Planning a holiday to Latin America is an exciting time, and the continent offers endless opportunities for all ages, from backpackers in their early 20s to couples and solo travellers in their 80s who want to tick Machu Picchu off their list. For many reasons, travelling in your older years is the prime time. However, the thought of travelling may raise a few concerns – will I be fit enough? Is it safe? Will I be lonely? In this blog we go through some common queries that people have when travelling in their mature years.
We get a wide range of people taking our holidays, with probably the largest group being couples aged in their forties to sixties, or older. Both couples and singles are welcome, and whilst we don’t specifically cater for senior travel groups, age is not a concern for most of our holidays. In most cases, you will be together with other Llama Travellers, but not necessarily the same people throughout your holiday. We find this works very well, allowing you to get to know people but not having to spend all your time with the same group. What unites everyone is a sense of curiosity and a desire to discover new cultures, landscapes and wildlife.
“I travelled alone with Llama Travel to Peru and Guatemala and it was wonderful. I’m in my 60s and the groups were small with ages ranging from early 20s to early 70s. We had a ball!”
Why You Should Keep Travelling
Change of perspective
For many people, travel changes as you get older, and you start to appreciate things that you would have missed when you were younger. You might enjoy spending longer in a place, learning more about the history and culture and taking the time to try good food and new activities.
Trip planning is easier
Being retired, semi-retired or an empty-nester means you have the flexibility to choose where to go and how long for. This means you can avoid adverse weather conditions as well as trying to cram everything into a rushed holiday in peak season.
Get through your bucket list
Many older people believe they’ve missed their chance to travel, but this is certainly not the case. If you’ve always dreamed of seeing Machu Picchu, admiring the sunset from Sugarloaf Mountain in Rio or exploring the Mayan site of Chichén Itzá, now is a great time to start planning.
Meet new people
Travellers often like to have travel companions and like-minded people to share their experiences with, and this is one of the biggest advantages of joining a group. These relationships often develop once you’ve parted ways, and you may like to exchange phone numbers and email addresses to keep in touch.
A reasonable level of fitness is required for many holidays to South America, as most trips require some walking, sometimes on uneven ground. High altitude can affect everyone, and there is no direct correlation between your age/fitness and how much you are affected by altitude. High altitude trekking is more strenuous than an equivalent length walk at low altitude, and it is worth doing some preparation before embarking on high altitude treks.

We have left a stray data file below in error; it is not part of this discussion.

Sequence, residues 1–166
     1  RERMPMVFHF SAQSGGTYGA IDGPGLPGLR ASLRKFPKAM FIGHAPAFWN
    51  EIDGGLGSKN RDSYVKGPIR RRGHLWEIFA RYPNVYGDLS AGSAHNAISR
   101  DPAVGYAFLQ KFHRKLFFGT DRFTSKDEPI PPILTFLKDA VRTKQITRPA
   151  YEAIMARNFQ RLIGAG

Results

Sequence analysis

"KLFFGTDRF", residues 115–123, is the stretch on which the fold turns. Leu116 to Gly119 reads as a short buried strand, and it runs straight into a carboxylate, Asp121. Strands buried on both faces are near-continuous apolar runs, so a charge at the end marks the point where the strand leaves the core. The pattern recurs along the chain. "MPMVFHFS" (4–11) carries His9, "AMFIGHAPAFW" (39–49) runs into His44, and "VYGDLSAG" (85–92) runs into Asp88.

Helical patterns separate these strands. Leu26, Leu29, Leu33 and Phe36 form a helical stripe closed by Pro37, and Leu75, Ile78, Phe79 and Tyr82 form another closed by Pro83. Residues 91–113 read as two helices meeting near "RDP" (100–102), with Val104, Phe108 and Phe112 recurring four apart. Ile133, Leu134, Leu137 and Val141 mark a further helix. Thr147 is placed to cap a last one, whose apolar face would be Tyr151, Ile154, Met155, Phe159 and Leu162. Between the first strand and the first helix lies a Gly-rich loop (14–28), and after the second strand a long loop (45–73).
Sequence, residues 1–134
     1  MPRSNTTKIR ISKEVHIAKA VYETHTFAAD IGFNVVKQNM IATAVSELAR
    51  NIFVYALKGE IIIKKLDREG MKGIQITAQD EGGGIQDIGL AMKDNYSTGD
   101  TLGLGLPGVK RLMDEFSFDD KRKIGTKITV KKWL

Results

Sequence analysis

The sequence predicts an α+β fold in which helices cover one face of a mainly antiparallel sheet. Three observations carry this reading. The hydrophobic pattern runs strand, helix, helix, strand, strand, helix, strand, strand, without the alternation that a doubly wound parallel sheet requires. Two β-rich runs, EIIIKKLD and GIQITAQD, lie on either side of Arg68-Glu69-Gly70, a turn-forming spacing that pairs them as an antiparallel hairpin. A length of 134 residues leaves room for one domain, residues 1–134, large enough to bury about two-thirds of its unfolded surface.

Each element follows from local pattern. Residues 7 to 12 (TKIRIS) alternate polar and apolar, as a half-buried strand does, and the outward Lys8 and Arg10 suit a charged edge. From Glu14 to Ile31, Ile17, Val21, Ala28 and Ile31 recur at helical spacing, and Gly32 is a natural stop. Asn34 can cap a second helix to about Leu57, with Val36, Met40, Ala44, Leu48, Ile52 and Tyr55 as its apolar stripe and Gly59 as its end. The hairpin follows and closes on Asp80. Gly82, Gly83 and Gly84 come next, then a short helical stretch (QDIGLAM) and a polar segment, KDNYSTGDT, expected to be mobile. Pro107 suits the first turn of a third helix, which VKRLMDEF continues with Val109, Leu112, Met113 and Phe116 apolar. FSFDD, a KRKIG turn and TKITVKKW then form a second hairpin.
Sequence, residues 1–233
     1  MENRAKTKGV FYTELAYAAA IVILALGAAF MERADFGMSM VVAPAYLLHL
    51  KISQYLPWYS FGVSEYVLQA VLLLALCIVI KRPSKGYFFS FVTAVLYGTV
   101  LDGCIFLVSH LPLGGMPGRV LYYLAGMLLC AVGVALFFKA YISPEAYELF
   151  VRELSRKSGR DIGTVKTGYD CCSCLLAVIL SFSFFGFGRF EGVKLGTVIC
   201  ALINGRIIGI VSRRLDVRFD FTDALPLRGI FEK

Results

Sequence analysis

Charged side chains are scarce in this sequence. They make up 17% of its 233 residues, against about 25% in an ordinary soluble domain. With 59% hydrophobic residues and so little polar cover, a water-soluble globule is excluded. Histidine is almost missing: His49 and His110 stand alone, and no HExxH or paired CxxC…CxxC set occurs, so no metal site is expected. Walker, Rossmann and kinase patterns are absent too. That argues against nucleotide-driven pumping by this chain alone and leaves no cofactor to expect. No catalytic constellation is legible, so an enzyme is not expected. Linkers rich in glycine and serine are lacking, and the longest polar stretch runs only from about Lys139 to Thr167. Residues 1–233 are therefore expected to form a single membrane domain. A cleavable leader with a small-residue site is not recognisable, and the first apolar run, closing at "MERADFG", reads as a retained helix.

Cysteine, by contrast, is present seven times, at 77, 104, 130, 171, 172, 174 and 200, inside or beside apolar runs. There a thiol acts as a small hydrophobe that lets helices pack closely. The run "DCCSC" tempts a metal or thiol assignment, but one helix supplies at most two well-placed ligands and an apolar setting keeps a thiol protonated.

The Inca Trail
Whilst on treks such as the Inca Trail, your guide will let everyone go at your own speed, and there is no pressure to keep up with the fast walkers. The Inca Trail is 43 kilometres, and you should be prepared for long days of walking and steep inclines. You do not need to be a hugely experienced hiker, but acquiring a good level of physical fitness prior to arriving in Peru will make it easier and more enjoyable. Each day you will set off early and walk for around seven hours, stopping for an early lunch and arriving at your next camp in the late afternoon for free time and then dinner. We've had many customers in their 80s complete the trail, so don’t let age stop you.
“Miguel was a lovely man with a great sense of humour, and an excellent guide. He asked us who in the group was walking the Inca Trail. As I raised my hand, he raised his eyebrows. “You, lady? You’re doing the Inca Trail? You will cry on the second day!” I obviously look older than I feel.”
Read this blog about one of our customer’s experiences on the Inca Trail.
With the right insurance, chronic health conditions shouldn’t hold you back. It's best to take a full supply of any medications with you, as finding a pharmacy can be difficult and time-consuming. It is also a good idea to use an online translator prior to departure, and print out any generic medical terms you might need. If you wear hearing aids, bring spare batteries as these can sometimes be hard to replace.